Far from Cruise: Avian Flapping-Flight Dynamics

    Research output: Contribution to conferencePaperpeer-review


    Avian flight is so much more than just steady, level cruise. Some birds bound intermittently while they fly, and others dive while capturing prey. Some even fly upside down! This work describes the development of a theoretical model that can simulate these far-from-cruise conditions, and offers a pathway for future research into animal flight dynamics.
    Recently, predictive simulation methods have been used to derive power-optimal wing motions in hover and cruise. The model developed here follows a similar philosophy, but extends the context to modes of flight that feature significant accelerations of the body. This includes both linear accelerations, such as in breaking flight, and rotational accelerations, as seen in pull-up and pushover manoeuvres. The model provides insight into how birds induce such extreme, yet graceful, dynamics using the flight apparatus available to them. Results from the model are presented as a series of animated flight trials, each focussing on a mode of flight that is observable in nature. The predictive methodology determines plausible wing and tail kinematics and also indicates the energetic cost of undertaking these different modes.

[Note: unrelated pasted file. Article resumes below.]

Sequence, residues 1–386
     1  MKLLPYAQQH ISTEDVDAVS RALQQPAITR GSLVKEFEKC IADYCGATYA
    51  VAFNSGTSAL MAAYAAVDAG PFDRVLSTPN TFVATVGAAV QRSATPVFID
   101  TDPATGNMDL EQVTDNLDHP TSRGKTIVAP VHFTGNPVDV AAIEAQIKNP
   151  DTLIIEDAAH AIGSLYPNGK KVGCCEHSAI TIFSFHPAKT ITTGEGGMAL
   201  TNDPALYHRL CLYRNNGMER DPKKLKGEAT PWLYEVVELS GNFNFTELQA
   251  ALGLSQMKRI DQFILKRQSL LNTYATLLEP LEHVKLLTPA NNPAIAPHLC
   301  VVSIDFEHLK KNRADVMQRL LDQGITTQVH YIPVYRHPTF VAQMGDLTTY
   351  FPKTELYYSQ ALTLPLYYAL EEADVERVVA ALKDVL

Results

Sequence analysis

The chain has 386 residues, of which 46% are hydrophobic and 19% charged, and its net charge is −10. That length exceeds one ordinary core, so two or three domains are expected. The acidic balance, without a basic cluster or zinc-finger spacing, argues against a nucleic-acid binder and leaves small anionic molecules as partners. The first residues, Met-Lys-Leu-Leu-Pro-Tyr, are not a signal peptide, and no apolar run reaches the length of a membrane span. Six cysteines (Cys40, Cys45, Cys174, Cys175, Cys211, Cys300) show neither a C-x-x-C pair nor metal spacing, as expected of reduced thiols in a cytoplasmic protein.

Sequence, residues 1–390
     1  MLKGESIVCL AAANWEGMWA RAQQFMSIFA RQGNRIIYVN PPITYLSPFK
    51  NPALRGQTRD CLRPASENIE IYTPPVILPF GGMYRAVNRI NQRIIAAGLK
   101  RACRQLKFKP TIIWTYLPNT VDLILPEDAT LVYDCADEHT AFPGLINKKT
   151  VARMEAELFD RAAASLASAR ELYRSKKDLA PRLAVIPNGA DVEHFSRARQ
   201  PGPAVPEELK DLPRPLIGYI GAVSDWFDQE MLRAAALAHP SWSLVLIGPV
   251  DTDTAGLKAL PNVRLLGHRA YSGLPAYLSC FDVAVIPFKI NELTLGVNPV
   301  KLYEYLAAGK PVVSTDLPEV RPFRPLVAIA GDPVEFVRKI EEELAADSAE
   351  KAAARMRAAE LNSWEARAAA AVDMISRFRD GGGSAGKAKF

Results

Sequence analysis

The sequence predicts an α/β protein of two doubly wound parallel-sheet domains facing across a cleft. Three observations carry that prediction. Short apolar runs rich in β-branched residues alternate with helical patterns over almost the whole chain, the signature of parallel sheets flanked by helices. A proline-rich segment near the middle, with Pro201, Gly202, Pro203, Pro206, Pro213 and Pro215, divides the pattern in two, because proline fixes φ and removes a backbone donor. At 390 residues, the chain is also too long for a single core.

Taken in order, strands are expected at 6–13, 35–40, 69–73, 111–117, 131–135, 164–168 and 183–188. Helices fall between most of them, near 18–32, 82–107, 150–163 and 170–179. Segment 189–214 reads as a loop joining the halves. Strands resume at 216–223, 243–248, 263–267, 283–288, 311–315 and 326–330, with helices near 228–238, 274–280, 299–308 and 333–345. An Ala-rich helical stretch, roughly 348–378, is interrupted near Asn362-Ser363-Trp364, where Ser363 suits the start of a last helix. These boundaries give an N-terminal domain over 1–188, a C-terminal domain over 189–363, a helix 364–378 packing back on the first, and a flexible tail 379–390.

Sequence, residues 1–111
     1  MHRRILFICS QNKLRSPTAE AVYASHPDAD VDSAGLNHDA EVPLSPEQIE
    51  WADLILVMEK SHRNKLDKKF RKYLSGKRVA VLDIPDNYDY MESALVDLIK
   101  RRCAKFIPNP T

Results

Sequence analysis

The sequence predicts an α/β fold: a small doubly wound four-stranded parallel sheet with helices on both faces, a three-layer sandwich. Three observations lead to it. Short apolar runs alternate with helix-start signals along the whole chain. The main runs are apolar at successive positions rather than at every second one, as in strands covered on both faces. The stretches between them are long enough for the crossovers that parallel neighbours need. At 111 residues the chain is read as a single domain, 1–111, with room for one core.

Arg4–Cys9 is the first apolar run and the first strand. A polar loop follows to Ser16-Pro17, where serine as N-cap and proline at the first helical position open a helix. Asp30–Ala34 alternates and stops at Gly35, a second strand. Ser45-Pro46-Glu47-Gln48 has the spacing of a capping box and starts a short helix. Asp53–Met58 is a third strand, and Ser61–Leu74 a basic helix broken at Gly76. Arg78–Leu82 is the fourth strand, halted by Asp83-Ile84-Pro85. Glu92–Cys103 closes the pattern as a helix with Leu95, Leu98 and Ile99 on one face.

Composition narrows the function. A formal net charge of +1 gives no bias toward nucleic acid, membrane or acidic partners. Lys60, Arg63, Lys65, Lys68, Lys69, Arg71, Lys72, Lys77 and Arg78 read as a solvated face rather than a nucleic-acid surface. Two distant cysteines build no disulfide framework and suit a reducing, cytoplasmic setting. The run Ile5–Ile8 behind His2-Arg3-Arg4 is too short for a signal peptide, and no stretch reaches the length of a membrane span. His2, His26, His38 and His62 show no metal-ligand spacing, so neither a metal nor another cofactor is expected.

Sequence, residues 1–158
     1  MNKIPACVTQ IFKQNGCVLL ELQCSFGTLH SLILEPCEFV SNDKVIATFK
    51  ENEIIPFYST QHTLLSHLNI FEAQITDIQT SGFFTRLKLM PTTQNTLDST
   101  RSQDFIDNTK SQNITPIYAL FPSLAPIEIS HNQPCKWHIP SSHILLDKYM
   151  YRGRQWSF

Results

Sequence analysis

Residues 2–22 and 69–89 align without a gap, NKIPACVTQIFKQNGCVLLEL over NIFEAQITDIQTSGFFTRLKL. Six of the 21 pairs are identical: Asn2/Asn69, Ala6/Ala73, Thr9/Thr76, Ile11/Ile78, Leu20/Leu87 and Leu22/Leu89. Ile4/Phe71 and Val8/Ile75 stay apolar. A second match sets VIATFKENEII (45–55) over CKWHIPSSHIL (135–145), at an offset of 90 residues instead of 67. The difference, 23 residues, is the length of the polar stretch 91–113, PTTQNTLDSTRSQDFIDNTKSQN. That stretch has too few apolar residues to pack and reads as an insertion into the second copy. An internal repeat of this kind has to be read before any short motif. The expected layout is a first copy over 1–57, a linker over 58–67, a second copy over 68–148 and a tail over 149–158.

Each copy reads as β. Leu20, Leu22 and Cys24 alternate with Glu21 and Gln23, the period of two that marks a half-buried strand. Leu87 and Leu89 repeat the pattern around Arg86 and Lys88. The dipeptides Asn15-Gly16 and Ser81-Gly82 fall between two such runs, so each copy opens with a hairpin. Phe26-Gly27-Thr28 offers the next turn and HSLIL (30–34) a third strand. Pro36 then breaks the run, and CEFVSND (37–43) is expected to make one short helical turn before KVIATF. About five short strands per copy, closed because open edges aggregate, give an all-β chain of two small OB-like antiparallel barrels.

Original languageEnglish
    Publication statusPublished - 3 Jan 2014
    EventSociety for integrative and comparative biology annual meeting - Hilton Hotel, Austin, Texas, United States
    Duration: 3 Jan 20147 Jan 2014


    ConferenceSociety for integrative and comparative biology annual meeting
    Country/TerritoryUnited States
    CityAustin, Texas


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